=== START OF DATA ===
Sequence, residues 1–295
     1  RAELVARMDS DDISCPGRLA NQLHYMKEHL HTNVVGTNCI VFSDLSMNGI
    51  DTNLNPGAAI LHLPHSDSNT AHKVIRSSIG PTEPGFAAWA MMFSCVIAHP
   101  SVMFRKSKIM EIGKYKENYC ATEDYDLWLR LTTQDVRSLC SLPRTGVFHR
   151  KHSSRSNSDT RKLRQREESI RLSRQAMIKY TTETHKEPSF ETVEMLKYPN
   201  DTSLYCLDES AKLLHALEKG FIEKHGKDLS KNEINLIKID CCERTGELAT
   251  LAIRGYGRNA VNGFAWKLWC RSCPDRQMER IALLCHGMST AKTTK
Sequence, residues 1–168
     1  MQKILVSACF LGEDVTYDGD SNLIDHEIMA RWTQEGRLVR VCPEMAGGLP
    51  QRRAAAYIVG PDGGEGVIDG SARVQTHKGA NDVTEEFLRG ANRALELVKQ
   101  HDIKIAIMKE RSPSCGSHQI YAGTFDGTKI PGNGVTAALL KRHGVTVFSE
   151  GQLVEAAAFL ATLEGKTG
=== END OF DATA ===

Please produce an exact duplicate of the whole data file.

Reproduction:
Sequence, residues 1–295
     1  RAELVARMDS DDISCPGRLA NQLHYMKEHL HTNVVGTNCI VFSDLSMNGI
    51  DTNLNPGAAI LHLPHSDSNT AHKVIRSSIG PTEPGFAAWA MMFSCVIAHP
   101  SVMFRKSKIM EIGKYKENYC ATEDYDLWLR LTTQDVRSLC SLPRTGVFHR
   151  KHSSRSNSDT RKLRQREESI RLSRQAMIKY TTETHKEPSF ETVEMLKYPN
   201  DTSLYCLDES AKLLHALEKG FIEKHGKDLS KNEINLIKID CCERTGELAT
   251  LAIRGYGRNA VNGFAWKLWC RSCPDRQMER IALLCHGMST AKTTK
Sequence, residues 1–168
     1  MQKILVSACF LGEDVTYDGD SNLIDHEIMA RWTQEGRLVR VCPEMAGGLP
    51  QRRAAAYIVG PDGGEGVIDG SARVQTHKGA NDVTEEFLRG ANRALELVKQ
   101  HDIKIAIMKE RSPSCGSHQI YAGTFDGTKI PGNGVTAALL KRHGVTVFSE
   151  GQLVEAAAFL ATLEGKTG